My favorite thing about Mrs. Hill was how much she encouraged me to continue with my writing. My ninth grade English teacher Mr. Kane told me I was good, but Mrs. Hill practically begged me to join the school newspaper. I had no interest writing stories praising the corrupt high school government or doing coverage on how the cafeteria tater tots were no longer poisonous. Her encouragement of me meant a lot and I was lucky to have her as a teacher.
Unfortunately the story doesn’t stop there. The next time I would interact with Mrs. Hill would be two years later in twelfth grade. My English teacher that year was out sick so they had Mrs. Hill come in and babysit us for forty minutes. I had not seen her in quite some time and I knew she would be a little curious how my life had been going. I looked drastically different by then, having dropped a ton of weight, but I was still clearly me. Mrs. Hill would have so many positive things to say to me. She would have herself to partly thank.
An assignment was given to us and since it was late in the year and most of the class had committed to going to the local community college, we had little reason to care about our GPAs. Instead of doing our work for the day we goofed off. Mrs. Hill thought she would authoritatively walk around the room in hopes it would get us to do our work.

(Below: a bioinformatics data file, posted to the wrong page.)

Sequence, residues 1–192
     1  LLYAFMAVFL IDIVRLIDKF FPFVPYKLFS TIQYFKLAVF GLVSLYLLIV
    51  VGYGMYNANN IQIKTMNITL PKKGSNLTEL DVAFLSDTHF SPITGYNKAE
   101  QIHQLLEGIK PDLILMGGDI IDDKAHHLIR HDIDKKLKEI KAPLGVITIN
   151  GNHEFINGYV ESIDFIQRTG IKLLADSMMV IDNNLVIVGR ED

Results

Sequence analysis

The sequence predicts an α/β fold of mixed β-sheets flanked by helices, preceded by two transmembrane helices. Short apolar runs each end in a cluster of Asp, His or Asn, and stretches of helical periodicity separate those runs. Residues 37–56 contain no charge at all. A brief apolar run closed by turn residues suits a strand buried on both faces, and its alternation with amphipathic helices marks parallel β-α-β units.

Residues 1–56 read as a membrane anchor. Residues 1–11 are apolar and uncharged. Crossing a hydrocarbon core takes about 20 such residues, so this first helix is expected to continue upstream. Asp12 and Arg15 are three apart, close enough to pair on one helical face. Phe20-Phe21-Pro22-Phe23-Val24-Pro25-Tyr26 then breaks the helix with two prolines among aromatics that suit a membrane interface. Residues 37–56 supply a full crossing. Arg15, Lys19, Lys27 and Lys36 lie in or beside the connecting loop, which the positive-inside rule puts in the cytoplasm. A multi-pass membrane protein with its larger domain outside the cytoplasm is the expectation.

I was seated in the second seat closest to the door. Only a girl with the last name Adams came before my name, Tim Boyle, alphabetically. Mrs. Hill made her way across the classroom and over to me with her familiar friendly smile. We made eye contact and her smile grew even larger.
“Are you finished with your work, John?”
There was no mistaking it. She was looking directly at me. My favorite teacher had just called me the wrong name.
My eyes puffed out. My bottom lip dropped. For a few seconds my heart stopped beating then spun around in a circle. My name wasn’t John. In fact, it never has been. I have always been a Tim, Timothy, or Timmy; among other more insensitive nicknames.
“My name’s not John,” I said a little disappointed.
Mrs. Hill’s mind crossed over itself. Then she remembered who I was, “Matthew?” she questioned.
I shook my head. This guessing game would have gone on forever. Mrs. Hill, the one teacher in high school who made a positive difference in my life, forgot who I was even after two guesses. She walked away to the next aisle, never to interact with me ever again.
Out of all the things Mrs. Hill taught me, the most important was that nobody cares about us as much as we may think they do. Thanks for the terrible revelation.